Mayoral candidates outline individual plans, hopes for city at Union League Club forum
Six of Chicago's 14 mayoral candidates discussed how they would handle certain situations if elected at a forum Friday at the Union League Club.
Mayoral hopefuls Willie Wilson, Gery Chico, Paul Vallas, Lori Lightfoot, Toni Preckwinkle and Garry McCarthy were asked questions about corruption, the crime rate in Chicago and economic development. The candidates also discussed concerns related to the current aldermen and aldermanic privilege.
Chico said he wanted to focus on affordability and government.
"We can't have lazy government," Chico said.
Preckwinkle emphasized that transparency remains crucial. She described how, as president of the Cook County board, she has made this a prime focus.
"We put our budget, contracts, everything online," Preckwinkle said. "We've made this a priority."
Lightfoot said transparency is about setting a tone at the top.
"You have to have a leader who is open," Lightfoot said. "We need to have leadership on this issue. We need ethical leadership in our city government or we aren’t going to move forward."
With respect to whether or not school board positions should be elected or appointed seats, McCarthy believes a hybrid board would be best.
"It needs to be partially elected and partially appointed," McCarthy said.
Chico agreed, suggesting such a blended model would work well.
"The mayor needs skin in the game," Chico said. "I favor an appointed seat for the mayor to have a say."
Most of the candidates present supported an elected board.
"I'm for an elected school board," Wilson said. "They can control their own community."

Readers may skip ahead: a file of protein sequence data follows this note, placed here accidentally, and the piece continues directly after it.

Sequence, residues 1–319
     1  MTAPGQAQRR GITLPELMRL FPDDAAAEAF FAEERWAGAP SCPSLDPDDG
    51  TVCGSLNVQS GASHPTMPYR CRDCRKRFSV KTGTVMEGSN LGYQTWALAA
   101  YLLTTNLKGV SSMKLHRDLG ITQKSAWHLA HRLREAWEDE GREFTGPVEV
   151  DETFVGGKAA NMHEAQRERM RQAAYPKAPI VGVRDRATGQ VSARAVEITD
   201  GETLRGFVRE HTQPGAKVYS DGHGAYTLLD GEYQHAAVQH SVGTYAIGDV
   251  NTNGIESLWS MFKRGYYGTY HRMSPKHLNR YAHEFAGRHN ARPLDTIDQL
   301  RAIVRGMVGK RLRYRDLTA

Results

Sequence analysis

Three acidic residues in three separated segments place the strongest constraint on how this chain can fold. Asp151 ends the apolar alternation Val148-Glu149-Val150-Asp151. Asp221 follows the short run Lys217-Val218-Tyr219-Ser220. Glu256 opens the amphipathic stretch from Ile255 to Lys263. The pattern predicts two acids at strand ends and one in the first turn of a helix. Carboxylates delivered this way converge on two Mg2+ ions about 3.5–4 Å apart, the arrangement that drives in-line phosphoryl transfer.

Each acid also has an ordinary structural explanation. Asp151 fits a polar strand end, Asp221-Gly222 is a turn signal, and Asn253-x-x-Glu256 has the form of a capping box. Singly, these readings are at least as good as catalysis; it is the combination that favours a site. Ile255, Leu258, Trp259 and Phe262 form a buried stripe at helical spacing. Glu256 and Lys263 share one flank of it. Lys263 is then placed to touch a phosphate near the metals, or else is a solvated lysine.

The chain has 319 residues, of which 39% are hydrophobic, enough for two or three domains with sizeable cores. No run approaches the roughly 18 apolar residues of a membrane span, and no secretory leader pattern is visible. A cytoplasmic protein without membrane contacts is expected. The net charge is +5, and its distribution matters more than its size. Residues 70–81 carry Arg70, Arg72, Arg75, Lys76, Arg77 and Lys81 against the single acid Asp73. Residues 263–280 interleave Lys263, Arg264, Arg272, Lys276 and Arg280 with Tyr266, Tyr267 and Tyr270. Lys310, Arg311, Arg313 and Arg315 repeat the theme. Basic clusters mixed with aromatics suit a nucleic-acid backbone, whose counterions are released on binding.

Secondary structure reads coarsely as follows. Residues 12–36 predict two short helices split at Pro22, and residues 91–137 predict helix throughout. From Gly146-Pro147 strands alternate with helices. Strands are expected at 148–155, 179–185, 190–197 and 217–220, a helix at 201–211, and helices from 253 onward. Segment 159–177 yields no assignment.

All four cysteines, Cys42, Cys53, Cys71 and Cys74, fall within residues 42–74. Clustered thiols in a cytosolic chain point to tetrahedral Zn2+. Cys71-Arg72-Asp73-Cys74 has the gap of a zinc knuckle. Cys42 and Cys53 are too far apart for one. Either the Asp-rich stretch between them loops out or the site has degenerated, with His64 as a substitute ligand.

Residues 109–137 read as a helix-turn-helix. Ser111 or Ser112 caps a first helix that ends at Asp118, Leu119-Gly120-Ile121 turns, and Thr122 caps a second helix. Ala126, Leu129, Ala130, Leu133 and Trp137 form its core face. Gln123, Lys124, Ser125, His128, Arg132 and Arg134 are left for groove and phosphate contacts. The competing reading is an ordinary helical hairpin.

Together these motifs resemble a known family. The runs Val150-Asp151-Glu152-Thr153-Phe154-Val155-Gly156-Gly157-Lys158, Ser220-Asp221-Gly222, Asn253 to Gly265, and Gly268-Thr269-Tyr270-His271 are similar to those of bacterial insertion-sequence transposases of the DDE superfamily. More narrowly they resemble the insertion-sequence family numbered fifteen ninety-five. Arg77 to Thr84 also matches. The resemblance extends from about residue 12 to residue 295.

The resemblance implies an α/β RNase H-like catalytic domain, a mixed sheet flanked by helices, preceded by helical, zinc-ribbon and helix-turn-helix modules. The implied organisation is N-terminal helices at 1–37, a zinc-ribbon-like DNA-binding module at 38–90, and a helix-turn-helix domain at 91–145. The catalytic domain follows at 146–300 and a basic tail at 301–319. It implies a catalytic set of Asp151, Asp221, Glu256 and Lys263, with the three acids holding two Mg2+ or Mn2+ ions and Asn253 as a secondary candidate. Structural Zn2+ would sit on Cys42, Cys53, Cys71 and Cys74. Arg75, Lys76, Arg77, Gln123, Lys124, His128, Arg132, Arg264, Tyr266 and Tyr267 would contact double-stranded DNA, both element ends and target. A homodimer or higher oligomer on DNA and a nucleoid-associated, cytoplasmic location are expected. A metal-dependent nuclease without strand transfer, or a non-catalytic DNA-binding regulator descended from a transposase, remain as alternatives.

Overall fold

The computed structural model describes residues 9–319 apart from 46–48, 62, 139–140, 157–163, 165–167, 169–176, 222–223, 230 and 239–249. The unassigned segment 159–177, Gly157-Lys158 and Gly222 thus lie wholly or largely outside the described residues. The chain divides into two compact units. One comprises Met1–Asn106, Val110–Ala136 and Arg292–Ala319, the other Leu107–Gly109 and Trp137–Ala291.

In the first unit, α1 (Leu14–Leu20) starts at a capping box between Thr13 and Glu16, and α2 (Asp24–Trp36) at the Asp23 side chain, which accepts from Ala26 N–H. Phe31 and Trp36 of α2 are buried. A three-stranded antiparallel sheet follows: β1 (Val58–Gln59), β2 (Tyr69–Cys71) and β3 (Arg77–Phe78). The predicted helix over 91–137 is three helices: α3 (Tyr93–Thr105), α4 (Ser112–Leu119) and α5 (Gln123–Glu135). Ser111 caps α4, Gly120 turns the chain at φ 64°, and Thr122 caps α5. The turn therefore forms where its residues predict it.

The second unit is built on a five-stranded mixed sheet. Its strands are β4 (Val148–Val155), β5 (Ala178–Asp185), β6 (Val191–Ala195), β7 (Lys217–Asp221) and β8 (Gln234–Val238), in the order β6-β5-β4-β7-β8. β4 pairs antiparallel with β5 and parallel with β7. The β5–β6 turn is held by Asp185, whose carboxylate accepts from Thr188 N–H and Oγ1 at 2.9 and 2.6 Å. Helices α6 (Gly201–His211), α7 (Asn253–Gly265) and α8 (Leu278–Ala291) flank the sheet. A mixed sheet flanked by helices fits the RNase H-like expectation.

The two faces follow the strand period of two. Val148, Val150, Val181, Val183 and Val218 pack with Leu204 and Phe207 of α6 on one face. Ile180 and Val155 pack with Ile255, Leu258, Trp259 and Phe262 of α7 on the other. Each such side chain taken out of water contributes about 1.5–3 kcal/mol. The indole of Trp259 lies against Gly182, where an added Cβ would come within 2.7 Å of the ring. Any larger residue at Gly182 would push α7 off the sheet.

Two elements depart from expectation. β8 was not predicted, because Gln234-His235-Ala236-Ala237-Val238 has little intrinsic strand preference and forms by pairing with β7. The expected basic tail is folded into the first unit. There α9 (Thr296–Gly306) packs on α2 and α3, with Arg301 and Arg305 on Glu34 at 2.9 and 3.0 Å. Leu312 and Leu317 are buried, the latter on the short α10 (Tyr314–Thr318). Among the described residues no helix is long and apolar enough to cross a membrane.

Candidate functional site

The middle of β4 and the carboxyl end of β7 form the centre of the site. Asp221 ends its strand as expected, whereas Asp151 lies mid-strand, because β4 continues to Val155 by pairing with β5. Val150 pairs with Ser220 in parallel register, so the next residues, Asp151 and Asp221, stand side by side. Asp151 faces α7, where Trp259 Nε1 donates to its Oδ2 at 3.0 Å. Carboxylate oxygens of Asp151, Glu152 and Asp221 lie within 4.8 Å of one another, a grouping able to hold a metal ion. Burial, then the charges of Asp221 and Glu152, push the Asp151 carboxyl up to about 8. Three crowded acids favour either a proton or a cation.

Preckwinkle added that Cook County is the only county without an elected board.
"I support an elected board," Preckwinkle said. "We're the only one in the state that doesn't have one."
Pertaining to education, Vallas said high schools needed to modify electives.
"We need to modify electives and offer career and technical education along with work study," Vallas said.
Wilson said it is important to put equality into all schools.
"All schools should have equal opportunity," Wilson said. "I’m for all schools being treated the same."
Shifting from education and local issues, the candidates went on to discuss how to bring business into Chicago.
"If we want to bring companies here, we have to end the violence and public corruption that has gone on for decades and caused us to bleed money," McCarthy said. "We need to get the government to start turning a profit."
Lightfoot said Chicago needed a ready, willing, able and skilled workforce.
"We need to expand offerings in high school for vocational education," Lightfoot said. "The 'college or bust' mentality is crushing dreams, and we need to change how we educate our young people."
Regarding the public financing of campaigns, many candidates expressed their backing of it.
"I'm for public financing campaigns," Preckwinkle said. "This is a very challenging time for those who want and choose to be candidates."
McCarthy warned that candidates should not take money from special interests.
"That breeds corruption," McCarthy said. "I didn’t realize the entire electoral process is about raising money until I ran for office."
The race for Chicago mayor will come to a culmination Tuesday, Feb. 26. If no one candidate achieves a majority of votes then, a runoff election will take place on April 2.